Last, the notion an appellate court may independently reweigh the trial court's findings of jurisdictional facts runs counter to the fundamental principle that appellate courts do not reweigh facts and generally must defer to the trial court's resolution of credibility and conflicts in the evidence. (E.g., People v. Brown (2014) 59 Cal.4th 86, 106, 172 Cal.Rptr.3d 576, 326 P.3d 188 [“ ‘We do not reweigh evidence or reevaluate a witness's credibility’ ”]; In re Marriage of Balcof (2006) 141 Cal.App.4th 1509, 1531, 47 Cal.Rptr.3d 183 [“Appellate courts ‘do not reweigh evidence or reassess the credibility of witnesses' ”]; People v. Morton (2003) 114 Cal.App.4th 1039, 1048, 8 Cal.Rptr.3d 388 [“Long-standing precedent decrees that we are not empowered to reweigh the evidence, no matter how unpersuasive it may appear on a cold record”]; Hogoboom & King, Cal. Practice Guide: Family Law (The Rutter Group 2015) ¶ 16:203, p. 16–70 [“Unlike the trial court, which examines issues of law and fact, weighing the evidence for the purpose of determining the litigants' rights, an appellate court passes only on questions of law; it is not a ‘second trier of fact’ and generally has none of the functions of a trier of fact”].)
Two published decisions more carefully cited Fox, supra, 180 Cal.App.3d 862, 225 Cal.Rptr. 823, for the standard of review in appeals from an order finding California or another state has jurisdiction to hear a child custody dispute, without repeating Fox's dictum about reweighing jurisdictional facts. “A finding that California or another state has jurisdiction under the UCCJA is reviewed for substantial evidence. (In re Marriage of Fox (1986) 180 Cal.App.3d 862, 869 225 Cal.Rptr. 823.) The same standard of review applies to a finding that California lacks jurisdiction following a resolution of conflicting evidence. (Id. at p. 870 225 Cal.Rptr. 823.)” (Hayw oo d v. Superior Court (2000) 77 Cal.App.4th 949, 954, 92 Cal.Rptr.2d 182 (Hayw oo d ); see Eisenberg at al., Cal. Practice Guide: Civil Appeals and Writs (The Rutter Group 2014) ¶ 8:130.3, p. 8–97, citing Hayw oo d, at p. 954, 92 Cal.Rptr.2d 182.) Similarly, In re Janette H. (1987) 196 Cal.App.3d 1421, 242 Cal.Rptr. 567 stated, “The lower court's finding regarding Virginia's jurisdiction, for purposes of enforcing the out-of-state order in a California court, is subject to a substantial evidence standard of review.” (Id. at p. 1427, 242 Cal.Rptr. 567, citing Fox, at p. 869, 225 Cal.Rptr. 823.)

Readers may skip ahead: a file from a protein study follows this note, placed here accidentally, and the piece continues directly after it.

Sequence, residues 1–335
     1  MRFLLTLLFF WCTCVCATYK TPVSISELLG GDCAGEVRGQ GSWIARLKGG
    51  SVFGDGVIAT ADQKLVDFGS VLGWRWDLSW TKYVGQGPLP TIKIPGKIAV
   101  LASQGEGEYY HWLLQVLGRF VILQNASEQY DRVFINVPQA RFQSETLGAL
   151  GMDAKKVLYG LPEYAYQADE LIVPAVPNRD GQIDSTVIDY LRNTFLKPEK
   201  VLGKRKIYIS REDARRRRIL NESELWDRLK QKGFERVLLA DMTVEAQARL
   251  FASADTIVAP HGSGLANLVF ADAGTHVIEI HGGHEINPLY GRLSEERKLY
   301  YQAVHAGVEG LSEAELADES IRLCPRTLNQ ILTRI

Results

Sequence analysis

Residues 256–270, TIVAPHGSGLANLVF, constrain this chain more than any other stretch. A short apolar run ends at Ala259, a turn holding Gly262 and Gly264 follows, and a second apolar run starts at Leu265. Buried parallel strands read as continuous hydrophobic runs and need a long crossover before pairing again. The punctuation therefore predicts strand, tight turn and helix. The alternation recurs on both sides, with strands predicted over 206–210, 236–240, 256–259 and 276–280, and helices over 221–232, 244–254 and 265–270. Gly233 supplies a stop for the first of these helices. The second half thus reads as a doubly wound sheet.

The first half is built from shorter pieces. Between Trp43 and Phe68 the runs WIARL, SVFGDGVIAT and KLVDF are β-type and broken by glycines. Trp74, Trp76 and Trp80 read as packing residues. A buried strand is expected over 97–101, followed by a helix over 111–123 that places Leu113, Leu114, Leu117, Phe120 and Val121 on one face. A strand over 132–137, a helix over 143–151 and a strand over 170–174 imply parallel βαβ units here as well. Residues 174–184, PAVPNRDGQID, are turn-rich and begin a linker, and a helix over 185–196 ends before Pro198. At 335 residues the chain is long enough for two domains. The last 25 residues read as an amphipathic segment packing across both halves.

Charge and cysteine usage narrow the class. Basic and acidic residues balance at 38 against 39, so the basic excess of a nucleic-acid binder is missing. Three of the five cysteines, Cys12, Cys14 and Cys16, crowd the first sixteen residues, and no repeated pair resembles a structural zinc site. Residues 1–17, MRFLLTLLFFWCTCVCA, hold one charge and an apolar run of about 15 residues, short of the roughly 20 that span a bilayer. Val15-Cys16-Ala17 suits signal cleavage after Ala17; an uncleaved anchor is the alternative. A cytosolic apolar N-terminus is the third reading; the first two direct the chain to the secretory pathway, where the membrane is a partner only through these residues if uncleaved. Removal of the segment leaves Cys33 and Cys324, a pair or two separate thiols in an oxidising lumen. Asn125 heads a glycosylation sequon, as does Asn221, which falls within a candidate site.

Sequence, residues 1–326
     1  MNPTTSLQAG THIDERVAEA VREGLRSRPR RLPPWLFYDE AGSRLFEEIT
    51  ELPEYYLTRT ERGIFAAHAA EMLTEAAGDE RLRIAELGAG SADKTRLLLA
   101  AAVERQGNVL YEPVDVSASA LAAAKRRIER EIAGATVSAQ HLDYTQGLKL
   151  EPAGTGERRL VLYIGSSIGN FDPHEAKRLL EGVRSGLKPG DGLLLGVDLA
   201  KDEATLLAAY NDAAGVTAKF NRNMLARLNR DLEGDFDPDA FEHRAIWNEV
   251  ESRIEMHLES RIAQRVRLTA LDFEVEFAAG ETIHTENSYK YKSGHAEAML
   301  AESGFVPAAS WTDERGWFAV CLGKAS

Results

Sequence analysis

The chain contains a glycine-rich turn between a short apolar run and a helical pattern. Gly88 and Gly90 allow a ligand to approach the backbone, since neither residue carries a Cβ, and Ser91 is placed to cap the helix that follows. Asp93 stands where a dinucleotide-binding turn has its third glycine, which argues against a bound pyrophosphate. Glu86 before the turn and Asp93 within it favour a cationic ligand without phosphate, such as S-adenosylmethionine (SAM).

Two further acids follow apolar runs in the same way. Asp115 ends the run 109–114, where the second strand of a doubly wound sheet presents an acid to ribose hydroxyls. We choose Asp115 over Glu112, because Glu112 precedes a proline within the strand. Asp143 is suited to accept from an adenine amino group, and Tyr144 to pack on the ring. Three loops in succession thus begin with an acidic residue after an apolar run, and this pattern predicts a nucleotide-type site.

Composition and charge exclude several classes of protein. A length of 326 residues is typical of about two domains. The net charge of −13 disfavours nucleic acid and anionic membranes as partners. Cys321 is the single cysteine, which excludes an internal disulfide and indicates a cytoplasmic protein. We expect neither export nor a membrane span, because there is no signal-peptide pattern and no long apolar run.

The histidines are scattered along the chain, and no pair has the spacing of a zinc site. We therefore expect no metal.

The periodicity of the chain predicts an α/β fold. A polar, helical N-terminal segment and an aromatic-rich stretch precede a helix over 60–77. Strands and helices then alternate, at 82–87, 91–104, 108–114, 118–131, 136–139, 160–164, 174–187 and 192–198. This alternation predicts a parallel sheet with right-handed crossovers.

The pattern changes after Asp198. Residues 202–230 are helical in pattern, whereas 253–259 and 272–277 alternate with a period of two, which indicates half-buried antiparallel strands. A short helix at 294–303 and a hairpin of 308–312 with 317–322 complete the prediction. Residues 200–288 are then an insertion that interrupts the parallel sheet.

We agree with those two decisions and with Fox that, when the facts are contested, a trial court's jurisdictional finding under the UCCJEA is reviewed under the deferential substantial evidence standard. (Hayw oo d, supra, 77 Cal.App.4th at p. 954, 92 Cal.Rptr.2d 182; In re Jan ette H., supra, 196 Cal.App.3d at p. 1427, 242 Cal.Rptr. 567; Fox, supra, 180 Cal.App.3d at pp. 869–870, 225 Cal.Rptr. 823.) When conducting a substantial evidence review, we must review the entire record in the light most favorable to the prevailing party, resolve all conflicts in the evidence in favor of the ruling or judgment being reviewed, and indulge all reasonable inferences in support of the family court's findings. (In re Marriage of Hill & Dittmer (2011) 202 Cal.App.4th 1046, 1051, 136 Cal.Rptr.3d 700.) The family court's resolution of conflicts in the evidence and credibility assessments are binding on this court. (Id. at pp. 1051–1052, 136 Cal.Rptr.3d 700.) For the reasons stated, ante, we decline to follow Fox's oft repeated but unsupported dictum suggesting an appellate court reviewing a jurisdictional finding under the UCCJEA may independently reweigh jurisdictional facts.